Microsoft working towards Xbox 360 price cut

An Xbox 360 price cut? Don't hold your breath. Microsoft remains steadfastly committed to its current Xbox 360 pricing strategy, despite a recent drop in the price of the PlayStation 3 .

But a recent interview with Shane Kim, VP of Microsoft Game Studios, suggests that a price drop for the Xbox 360 is certainly pencilled onto the Redmond wall-planner.

Cheaper Xbox 360?

"We need to compete effectively..." Kim told Bloomberg . "And part of that is getting to the mass market price point for the console. We definitely are working on that area.''

How will Microsoft do this? According to the San Jose Mercury News , Microsoft is planning to roll out a revised version of the Xbox 360 as part of a cost-saving initiative codenamed 'Falcon'.

Falcon essentially describes the introduction of new IBM processors and AMD/ATI graphics chips manufactured using a 65 nanometer process.

As a result, the new 65nm chips will be smaller and more efficient than the 90 nanometer electronics used in the current Xbox 360 and Xbox 360 Elite machines.

Crucially, the 65nm chips will also be cheaper to produce. The IBM processor and AMD/ATI GPU are the most expensive components in the Xbox 360. By shrinking the die size of these chips from 90nm to 65nm, more processors can be produced from a single 200mm or 300mm silicon wafer.

Three red lights

Until the cost of the core processing components can be reduced, Microsoft can't realistically reduce the cost of its console. This means that when Microsoft is ready to launch Falcon-based Xbox 360s, it will arguably be ready to drop the price of them.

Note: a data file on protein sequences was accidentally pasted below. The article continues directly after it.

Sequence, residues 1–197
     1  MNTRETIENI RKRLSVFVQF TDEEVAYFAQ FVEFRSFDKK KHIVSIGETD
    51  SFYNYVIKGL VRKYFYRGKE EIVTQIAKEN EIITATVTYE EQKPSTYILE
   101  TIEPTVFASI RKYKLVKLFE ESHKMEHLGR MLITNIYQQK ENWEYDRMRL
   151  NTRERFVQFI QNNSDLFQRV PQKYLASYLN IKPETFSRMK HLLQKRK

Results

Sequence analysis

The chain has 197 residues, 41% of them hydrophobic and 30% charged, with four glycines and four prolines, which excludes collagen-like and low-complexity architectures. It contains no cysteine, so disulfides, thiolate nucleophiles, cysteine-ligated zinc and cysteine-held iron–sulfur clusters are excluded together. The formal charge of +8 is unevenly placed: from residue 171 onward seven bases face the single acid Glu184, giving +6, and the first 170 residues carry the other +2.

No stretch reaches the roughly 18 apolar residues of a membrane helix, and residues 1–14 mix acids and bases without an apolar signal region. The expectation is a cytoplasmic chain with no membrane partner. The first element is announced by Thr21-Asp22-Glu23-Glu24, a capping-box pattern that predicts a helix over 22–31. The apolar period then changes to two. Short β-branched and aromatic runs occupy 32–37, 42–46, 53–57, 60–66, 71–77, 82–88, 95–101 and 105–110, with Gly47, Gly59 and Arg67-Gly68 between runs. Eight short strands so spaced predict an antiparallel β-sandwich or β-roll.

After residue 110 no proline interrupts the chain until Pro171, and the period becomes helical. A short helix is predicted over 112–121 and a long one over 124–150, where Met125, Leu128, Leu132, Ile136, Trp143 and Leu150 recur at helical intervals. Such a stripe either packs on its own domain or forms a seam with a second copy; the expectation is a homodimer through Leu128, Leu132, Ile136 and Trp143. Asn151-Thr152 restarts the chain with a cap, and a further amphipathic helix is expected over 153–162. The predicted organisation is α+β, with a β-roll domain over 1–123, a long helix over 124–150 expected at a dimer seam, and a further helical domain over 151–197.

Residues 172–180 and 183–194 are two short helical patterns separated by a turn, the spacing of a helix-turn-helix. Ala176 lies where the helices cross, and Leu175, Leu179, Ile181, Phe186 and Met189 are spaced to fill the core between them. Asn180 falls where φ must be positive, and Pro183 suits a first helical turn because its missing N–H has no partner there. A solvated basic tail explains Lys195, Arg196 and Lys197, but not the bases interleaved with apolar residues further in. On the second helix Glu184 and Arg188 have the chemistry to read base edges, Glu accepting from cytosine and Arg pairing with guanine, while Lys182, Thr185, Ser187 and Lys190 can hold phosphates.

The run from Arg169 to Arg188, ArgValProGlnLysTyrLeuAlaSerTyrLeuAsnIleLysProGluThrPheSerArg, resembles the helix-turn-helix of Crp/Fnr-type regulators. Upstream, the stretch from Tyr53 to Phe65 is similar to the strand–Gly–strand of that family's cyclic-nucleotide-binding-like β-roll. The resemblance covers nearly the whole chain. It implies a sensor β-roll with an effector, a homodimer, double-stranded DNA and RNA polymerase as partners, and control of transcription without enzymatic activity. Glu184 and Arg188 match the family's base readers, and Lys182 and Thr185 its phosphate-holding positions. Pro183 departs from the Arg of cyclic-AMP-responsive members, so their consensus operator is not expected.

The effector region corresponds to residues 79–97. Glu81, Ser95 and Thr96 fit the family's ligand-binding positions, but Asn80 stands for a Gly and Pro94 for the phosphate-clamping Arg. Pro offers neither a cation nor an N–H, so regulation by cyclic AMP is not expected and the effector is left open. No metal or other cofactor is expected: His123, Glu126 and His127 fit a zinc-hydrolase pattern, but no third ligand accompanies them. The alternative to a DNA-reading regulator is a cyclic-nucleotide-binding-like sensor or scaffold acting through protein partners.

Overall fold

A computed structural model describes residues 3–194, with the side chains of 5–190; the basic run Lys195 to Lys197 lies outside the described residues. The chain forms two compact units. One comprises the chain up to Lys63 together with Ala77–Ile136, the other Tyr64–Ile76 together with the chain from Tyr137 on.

With 65nm components already in production, a revamped Xbox 360 could be available before the end of the year. We'd put our money on an Xbox 360 'Falcon' console being available before Christmas in the US, allowing the Elite version a clear six month run at retail.

As the recent Xbox 360 Elite launch showed, expect a 2-3 month gap before Europe gets a sniff of any Falcon console.

The other benefit of any 65nm technology revision will be to solve the overheating (or 'three red lights') problems that have been plaguing the Xbox 360 since its launch in 2005. Smaller, cooler-running components should pave the way for a smaller motherboard and better airflow inside the console.

Microsoft has recently acknowledged the problem of overheating Xbox 360s by extending the warranty on all consoles to three years.